Two recent cases, one from the National Labor Relations Board, and one from a federal court of appeals enforcing an NLRB decision, highlight the risk an employer runs when it seeks to prohibit its employees from wearing buttons at work.

In order to foster its image as a "traditional American grill," the Daily Grill, a restaurant in Los Angeles, prohibited its employees from wearing union buttons while interacting with customers.

Although employees had been allowed to wear buttons such as “trainer” and “anniversary” pins, the restaurant threatened to discipline or sent home early several employees who, during a union organizing drive, wore small (one inch in diameter) UNITE HERE union buttons at work.

Under established National Labor Relations Board precedent, employees are allowed to wear union pins or buttons at work absent “special circumstances.” In the past, the NLRB has found special circumstances where the display of union buttons may jeopardize employee safety, damage machinery or products, exacerbate employee dissension, or unreasonably interfere with a public image that the employer has established, as part of its business plan, through appearance rules for its employees.

The Daily Grill argued, and an NLRB administrative law judge (ALJ) found, that the restaurant’s ban on union buttons satisfied the special circumstances exception. According to the ALJ, the ban was lawful because it fostered the Daily Grill’s public image as a traditional American grill restaurant and that a consistent, customer-driven experience and atmosphere was at the core of the employer’s business model, and the uniform and professional appearance of its servers was part of that model.

The National Labor Relations Board disagreed. In Grill Concepts Services, Inc. d/b/a The Daily Grill and Unite Here, Local 11, the NLRB explained that when it is faced with an employer’s claim that its public image justifies a ban on union buttons, it considers the button’s physical appearance and message to determine if it interferes with the employer’s desired public image. Contrary to the ALJ, the NLRB found that the employer failed to justify its ban on union buttons because it “presented no evidence on how the Union’s small, inconspicuous, and non-inflammatory buttons would unreasonably interfere with a server’s ability to provide reliable service or interfere with the [restaurant’s] public image.”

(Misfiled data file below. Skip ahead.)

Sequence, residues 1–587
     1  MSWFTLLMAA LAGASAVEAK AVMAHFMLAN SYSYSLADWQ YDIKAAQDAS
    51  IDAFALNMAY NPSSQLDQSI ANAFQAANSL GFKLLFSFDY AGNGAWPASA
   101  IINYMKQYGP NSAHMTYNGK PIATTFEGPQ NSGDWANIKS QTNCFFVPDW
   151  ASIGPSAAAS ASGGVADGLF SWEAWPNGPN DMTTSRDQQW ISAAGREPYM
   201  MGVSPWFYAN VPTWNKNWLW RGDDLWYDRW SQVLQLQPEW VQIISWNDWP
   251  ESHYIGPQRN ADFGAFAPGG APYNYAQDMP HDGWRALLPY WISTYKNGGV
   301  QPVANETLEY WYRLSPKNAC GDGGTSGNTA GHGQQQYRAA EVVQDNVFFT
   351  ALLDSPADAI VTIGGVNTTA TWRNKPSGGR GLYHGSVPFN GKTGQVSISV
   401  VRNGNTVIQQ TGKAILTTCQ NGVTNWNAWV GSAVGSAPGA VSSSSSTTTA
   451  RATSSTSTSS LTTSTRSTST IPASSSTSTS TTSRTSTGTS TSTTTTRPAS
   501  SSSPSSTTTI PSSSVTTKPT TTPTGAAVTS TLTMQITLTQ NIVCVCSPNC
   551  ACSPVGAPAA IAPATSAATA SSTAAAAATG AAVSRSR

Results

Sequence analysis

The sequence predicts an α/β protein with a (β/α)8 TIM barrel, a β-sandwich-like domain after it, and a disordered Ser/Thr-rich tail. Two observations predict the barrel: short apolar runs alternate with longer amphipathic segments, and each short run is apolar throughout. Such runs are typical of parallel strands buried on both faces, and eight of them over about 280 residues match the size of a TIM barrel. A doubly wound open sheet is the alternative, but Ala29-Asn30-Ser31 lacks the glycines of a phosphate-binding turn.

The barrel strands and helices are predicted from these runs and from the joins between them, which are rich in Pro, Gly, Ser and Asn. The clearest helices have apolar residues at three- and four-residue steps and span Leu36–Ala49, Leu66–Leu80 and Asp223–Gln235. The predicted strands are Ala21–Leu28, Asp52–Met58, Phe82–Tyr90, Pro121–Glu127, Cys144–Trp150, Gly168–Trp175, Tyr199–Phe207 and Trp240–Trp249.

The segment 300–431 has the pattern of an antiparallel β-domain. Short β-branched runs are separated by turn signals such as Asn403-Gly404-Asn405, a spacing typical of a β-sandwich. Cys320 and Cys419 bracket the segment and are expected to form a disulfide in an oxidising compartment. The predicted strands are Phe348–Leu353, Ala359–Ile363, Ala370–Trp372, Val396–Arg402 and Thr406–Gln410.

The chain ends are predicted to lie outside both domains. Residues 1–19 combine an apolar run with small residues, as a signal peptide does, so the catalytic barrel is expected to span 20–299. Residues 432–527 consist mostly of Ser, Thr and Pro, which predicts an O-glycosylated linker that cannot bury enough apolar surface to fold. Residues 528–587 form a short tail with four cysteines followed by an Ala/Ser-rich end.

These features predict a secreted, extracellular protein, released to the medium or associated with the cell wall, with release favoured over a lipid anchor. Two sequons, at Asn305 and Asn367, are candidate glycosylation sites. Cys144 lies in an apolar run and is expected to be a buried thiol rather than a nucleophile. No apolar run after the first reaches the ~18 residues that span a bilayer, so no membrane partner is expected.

In Boch Imports, Inc., d/b/a Boch Honda v. NLRB,the United States Court of Appeals for the First Circuit agreed with the NLRB that a unionized car dealer’s policy that prohibited “message” pins was not justified by special circumstances and violated employee rights under the National Labor Relations Act. In Boch Honda, the employer maintained a handbook policy that prohibited customer-facing employees from wearing, among other things “message” pins. Like the Daily Grill case, an NLRB ALJ determined that the employer’s interests in workplace safety and preventing damage to vehicles met the special circumstances standard and justified the ban. And like the Daily Grill case, the NLRB reversed the ALJ and determined that the employer had failed to meet the special circumstances exception because the ban on pins was overbroad. According to the NLRB, the restriction was overly broad because it applied to employees, e.g., administrative and finance employees, who had no contact with vehicles.

On appeal, the court agreed with the NLRB. The court was not persuaded that a “small and unobtrusive” union pin worn by non-uniformed employees would interfere with the general professional image the car dealer was trying to create. The court also agreed with the NLRB that the ban was overbroad. Although acknowledging that a pin could fall into an engine or scratch a vehicle, the court found the ban was not narrowly tailored to prevent those kinds of events from happening.

The First Circuit’s decision was not unanimous. Judge Stahl wrote a lengthy dissent challenging the majority’s ruling. He stated, “By rubber-stamping the Board's arbitrary infatuation with the uniqueness and uniformity of workplace dress codes, the majority has done little more than grant the Board the authority to play ‘fashion police.’”

As Judge Stahl pointed out, the law in this area has drawn employers into a “legal bog.” Employer decision-making on matters of buttons and pins in particular and dress codes in general is fraught with peril and requires the drawing of lines more nice than obvious. Employers should review their dress codes in light of cases like Daily Grill and Boch Honda to evaluate whether they will pass muster if challenged and to make appropriate changes if necessary.